Bush completes Mideast trip in Egypt with commitments to regional peace

By Xinhua

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Sharm El-Sheikh, Egypt : U.S. President George W. Bush ended his Mideast tour on Wednesday in the Egyptian Red Sea resort Sharm el-Sheikh as both the United States and the northern African country made more commitments to promote the Mideast peace process.

At a joint press conference after his meeting with Egyptian President Hosni Mubarak earlier in the day, Bush expressed his optimism that an Israeli-Palestinian peace deal can be reached by the end of 2008 amid deep scepticism from some Arab countries.

The U.S. president reiterated that he will be coming back to the region to help push the Israeli-Palestinian talks, expressing his confidence to get a peace deal done by the two sides.

For his part, Mubarak expressed his support to Bush’s goal to reach a peace agreement before the end of his term in January 2009,noting that Arab leaders had reiterated during Bush’s regional visit that the resolution of the conflict for Palestinians is key to a broader peace throughout the region.

Standing alongside Bush, the Egyptian president expressed Egypt’s keenness to support peace efforts and work hand-in-hand with the United States, the Quartet (the UN, the EU, the U.S. and Russia) and all other concerned parties to end the Israeli-Palestinian conflict and open new horizons in the Middle East to more peace and security.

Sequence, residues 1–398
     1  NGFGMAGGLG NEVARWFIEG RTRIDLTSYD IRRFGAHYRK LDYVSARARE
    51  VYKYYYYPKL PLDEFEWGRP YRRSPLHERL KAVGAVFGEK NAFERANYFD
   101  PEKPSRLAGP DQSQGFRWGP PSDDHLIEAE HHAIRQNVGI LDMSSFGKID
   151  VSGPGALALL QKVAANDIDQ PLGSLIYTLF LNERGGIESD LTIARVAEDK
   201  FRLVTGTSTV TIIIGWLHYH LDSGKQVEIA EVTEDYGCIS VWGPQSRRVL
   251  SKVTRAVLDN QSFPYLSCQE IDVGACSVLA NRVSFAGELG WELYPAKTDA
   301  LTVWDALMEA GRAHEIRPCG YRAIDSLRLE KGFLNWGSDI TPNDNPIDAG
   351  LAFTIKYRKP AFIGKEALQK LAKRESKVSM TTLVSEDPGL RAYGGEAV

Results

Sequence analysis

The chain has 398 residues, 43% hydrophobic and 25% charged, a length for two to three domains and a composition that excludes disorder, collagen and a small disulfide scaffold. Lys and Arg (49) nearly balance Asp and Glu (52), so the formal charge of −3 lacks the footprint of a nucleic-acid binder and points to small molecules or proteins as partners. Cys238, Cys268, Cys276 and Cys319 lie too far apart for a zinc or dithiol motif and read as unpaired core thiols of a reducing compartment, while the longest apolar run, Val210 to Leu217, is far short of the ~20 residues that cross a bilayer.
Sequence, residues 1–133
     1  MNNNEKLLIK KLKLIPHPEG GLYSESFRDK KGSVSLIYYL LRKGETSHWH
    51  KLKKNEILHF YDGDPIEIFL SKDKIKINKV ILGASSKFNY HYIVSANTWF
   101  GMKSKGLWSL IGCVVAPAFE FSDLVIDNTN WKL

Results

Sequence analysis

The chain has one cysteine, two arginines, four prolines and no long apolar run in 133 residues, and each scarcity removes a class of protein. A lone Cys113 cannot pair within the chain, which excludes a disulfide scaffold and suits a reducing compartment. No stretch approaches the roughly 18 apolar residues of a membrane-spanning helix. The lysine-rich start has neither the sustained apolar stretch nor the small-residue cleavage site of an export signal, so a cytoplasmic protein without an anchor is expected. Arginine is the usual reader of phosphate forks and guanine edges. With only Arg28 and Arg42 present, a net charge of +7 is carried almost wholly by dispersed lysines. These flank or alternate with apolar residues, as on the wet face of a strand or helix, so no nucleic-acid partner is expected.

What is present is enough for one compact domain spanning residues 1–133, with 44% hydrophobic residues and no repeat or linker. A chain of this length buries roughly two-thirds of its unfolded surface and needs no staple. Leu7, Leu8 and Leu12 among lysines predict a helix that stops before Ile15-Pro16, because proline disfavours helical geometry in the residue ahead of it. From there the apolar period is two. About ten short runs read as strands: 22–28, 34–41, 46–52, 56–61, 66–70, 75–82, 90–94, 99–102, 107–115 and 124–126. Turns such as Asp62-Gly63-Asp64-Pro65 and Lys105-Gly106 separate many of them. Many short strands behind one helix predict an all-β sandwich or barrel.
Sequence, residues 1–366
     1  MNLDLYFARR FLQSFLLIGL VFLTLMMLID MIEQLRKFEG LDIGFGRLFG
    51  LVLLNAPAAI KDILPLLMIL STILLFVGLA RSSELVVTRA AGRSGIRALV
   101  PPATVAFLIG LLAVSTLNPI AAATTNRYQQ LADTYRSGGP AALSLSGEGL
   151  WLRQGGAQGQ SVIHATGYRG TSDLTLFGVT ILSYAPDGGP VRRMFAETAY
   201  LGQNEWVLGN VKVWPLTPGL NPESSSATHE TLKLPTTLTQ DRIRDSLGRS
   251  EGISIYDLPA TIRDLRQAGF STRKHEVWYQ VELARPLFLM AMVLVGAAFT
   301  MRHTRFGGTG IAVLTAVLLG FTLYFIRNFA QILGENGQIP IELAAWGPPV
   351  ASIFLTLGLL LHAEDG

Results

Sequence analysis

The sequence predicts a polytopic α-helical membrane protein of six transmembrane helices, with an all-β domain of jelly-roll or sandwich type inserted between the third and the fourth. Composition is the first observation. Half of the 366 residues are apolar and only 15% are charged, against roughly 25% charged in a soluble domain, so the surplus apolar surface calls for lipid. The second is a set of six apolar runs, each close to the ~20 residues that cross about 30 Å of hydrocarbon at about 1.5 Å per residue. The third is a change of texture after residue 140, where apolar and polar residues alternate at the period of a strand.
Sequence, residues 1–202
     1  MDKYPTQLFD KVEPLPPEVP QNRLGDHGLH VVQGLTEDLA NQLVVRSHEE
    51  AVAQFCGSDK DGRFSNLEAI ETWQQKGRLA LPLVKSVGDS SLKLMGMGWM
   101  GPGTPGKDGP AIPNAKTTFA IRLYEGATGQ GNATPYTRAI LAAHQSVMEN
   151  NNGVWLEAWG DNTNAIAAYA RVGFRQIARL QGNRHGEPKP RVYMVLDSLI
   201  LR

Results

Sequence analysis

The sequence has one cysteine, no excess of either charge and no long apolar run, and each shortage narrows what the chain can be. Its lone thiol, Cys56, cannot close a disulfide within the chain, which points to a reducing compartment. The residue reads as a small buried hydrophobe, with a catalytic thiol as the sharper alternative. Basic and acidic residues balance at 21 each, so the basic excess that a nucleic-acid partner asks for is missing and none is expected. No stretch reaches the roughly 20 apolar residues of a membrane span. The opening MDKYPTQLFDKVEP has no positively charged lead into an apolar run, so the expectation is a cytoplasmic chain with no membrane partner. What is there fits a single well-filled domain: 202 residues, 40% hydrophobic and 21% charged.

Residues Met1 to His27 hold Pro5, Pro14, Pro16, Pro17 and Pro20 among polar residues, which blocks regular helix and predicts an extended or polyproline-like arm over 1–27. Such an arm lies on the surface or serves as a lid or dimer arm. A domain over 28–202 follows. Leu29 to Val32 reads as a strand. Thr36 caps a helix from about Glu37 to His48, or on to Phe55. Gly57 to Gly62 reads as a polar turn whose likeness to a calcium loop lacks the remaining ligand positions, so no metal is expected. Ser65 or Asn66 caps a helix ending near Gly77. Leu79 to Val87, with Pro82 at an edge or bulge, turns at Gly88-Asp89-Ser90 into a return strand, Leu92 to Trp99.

During his eight-day regional trip, Bush had also urged Arab countries to “reach out to Israel” to help promote the peace negotiations which were reactivated by the Annapolis conference held in the United States in late November and overshadowed by the latest violent incidents in the Gaza Strip.

On the issue of Iraq, Bush noted that the Iraqi situation has been improved as U.S. Secretary of State Condoleezza Rice on Tuesday paid a sudden visit to Iraq to see “progress being made on Iraqi political reconciliation”.

Rice saw the security has returned back to the streets of Baghdad and the Iraqi situation is improving due to the presence of U.S. troops in Iraq, Bush added.

The U.S. president also expressed the continuing U.S. support to the Iraqi people on the road of democracy, which he said has already begun in the war-torn country.

Moreover, Bush urged Syria, Iran and their allies to halt interference in Lebanese affairs, agreeing with Mubarak on the importance for nations in the region to support Lebanese Prime Minister Fouad Seniora.

“It’s important to encourage the holding of immediate and unconditional presidential elections according to the Lebanese constitution. And to make it clear to Syria, Iran and their allies that they must end their interference and efforts to undermine theprocess,” said Bush.

Experts and analysts had expressed different reactions as some highlighted the importance of Bush’s coming visit to the region, noting that the visit would add new thing for the relations between the United States and its Arab allies, while others termed the trip would be “useless”.

Before Egypt, Bush had already visited Israel, the Palestinian territories, Kuwait, Bahrain, the United Arab Emirates and Saudi Arabia, with the aim to affirm the U.S. commitment to its allies to realize security and stability in the region.